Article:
Hiking Trails And Hidden Bays: Why It's Time To Look Again At Barbados

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Hiking Trails And Hidden Bays: Why It's Time To Look Again At Barbados


Barbados is changing and embracing the island-based food, culture and activities that make it an eco-friendly island escape.

Daphne Ewing Chow

Fri 29 Jan 2021

As one of the Caribbean’s most celebrated hubs of luxury, Barbados has never defined itself as an eco-destination.

The southern Caribbean isle has traditionally held a much tighter grip on its colonial past than its neighbours, sticking to the old formula of luxury shopping, exclusive hotels and fine dining, with the tropical bells and whistles of sea, sand and sunshine.

But times they are a’changing.

Over the last couple of years there has been a renewed consciousness trickling through the island, giving birth to refreshingly innovative eco-friendly businesses and never before seen tourist trails.

Barbadians have increasingly begun to embrace the strengths of their natural habitat, choosing to work with it, rather than deconstruct it.

While the majority of visitors are still flocking to their fly and flop spots, those in the know are discovering a greener side to this iconic island. Here’s how you can join them.

Head out on a farm hike

Local farms are critical to Barbados’ future. The small island currently imports the majority of its foodstuffs and due to the overemphasis on tourism as a revenue generator, agriculture has been largely overlooked. However, Cocoa Hill Farm and PEG Farm are fully sustainable and organic nature reserves. Located in St. Joseph, they boast dramatic cliffs, breathtaking views and picturesque hiking trails.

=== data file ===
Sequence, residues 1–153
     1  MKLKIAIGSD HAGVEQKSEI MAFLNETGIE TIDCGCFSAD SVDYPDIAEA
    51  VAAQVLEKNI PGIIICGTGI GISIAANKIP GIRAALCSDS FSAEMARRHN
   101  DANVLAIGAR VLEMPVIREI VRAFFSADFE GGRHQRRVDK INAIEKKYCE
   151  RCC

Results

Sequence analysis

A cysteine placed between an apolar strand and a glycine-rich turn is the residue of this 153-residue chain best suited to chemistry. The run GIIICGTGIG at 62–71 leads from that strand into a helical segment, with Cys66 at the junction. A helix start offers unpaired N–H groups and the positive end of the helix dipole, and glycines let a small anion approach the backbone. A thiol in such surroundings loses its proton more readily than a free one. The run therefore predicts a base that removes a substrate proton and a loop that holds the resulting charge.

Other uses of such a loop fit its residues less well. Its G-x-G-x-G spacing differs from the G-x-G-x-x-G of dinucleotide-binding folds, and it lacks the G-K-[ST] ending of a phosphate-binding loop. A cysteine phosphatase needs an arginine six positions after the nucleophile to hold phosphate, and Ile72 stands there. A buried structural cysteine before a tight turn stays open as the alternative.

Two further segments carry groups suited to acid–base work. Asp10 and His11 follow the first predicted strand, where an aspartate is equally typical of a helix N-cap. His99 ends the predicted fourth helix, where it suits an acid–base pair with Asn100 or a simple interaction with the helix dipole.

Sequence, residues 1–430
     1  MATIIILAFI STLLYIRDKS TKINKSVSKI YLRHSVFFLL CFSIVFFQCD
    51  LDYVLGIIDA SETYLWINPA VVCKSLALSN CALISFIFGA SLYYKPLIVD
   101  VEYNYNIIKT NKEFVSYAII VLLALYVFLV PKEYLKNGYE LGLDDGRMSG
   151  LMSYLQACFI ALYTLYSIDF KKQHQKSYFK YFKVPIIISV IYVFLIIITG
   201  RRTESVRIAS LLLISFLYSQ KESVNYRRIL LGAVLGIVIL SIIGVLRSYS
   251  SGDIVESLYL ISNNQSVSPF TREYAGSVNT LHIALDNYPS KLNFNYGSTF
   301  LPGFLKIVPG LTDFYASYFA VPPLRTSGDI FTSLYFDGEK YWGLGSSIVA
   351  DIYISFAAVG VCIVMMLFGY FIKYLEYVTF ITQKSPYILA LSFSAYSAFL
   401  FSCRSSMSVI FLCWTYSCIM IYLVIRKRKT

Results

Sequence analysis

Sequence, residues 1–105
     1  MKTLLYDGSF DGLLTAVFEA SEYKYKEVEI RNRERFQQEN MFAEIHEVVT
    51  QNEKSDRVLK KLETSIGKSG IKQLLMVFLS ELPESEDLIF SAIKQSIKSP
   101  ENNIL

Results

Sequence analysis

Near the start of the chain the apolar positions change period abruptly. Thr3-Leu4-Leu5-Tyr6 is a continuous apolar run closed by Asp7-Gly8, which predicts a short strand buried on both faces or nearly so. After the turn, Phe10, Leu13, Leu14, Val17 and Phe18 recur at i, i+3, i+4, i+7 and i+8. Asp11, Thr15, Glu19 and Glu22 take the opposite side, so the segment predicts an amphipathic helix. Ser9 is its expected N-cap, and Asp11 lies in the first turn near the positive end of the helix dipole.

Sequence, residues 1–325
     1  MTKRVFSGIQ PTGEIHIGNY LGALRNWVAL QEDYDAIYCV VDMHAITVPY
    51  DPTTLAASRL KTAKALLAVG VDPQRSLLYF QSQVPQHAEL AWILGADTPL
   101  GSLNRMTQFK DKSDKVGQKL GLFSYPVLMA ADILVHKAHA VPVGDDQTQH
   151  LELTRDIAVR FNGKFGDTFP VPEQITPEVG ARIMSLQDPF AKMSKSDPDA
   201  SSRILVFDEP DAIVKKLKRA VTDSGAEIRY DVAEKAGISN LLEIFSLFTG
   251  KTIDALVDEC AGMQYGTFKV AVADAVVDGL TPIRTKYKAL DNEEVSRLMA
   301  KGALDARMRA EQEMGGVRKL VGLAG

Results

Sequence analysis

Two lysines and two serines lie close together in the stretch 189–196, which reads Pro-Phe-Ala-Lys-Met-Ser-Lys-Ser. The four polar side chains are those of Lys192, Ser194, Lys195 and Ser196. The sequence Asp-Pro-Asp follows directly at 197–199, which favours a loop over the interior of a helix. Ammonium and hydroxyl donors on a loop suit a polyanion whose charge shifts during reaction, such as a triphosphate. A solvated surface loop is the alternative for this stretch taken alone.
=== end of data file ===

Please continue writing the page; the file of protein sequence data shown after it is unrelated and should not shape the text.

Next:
With its bamboo caves and natural nooks, the untouched forest at Cocoa Hill Farm is a paradise for nature enthusiasts and creatives seeking inspiration. Owner, Mahmoud Patel is very passionate about the food crisis in Barbados and has a long term goal of growing as many varieties of local produce and herbs on the property as possible.

He is also the owner of Ocean Spray Apartments, a local eco-resort on the south coast which is one of the primary beneficiaries of the fruits, vegetables and herbs grown at Coco Hills. Patel encourages hotel guests to visit the farm to collect ingredients for their meals at the restaurant.

Would you camp in Barbados?

Daphne Ewing-Chow tests out one of the camping spots at PEG farm

PEG Farm and Nature Reserve is the only biodynamic farm in Barbados and grows a wide variety of medicinal plants and herbs. Owner, Paul Bourne, believes in the energetic influence of the planets on the health of the vegetation and animals and is highly committed to a cruelty-free and self-sustaining infrastructure. Free range chickens, pigs and cows are strategically placed around the property. Shady forest areas and Barbados’ only suspended tent campground make PEG a truly special natural spot. You can join in one of the two hour daily tours or come spend a night.

Discover off the beaten track beaches, bays and baths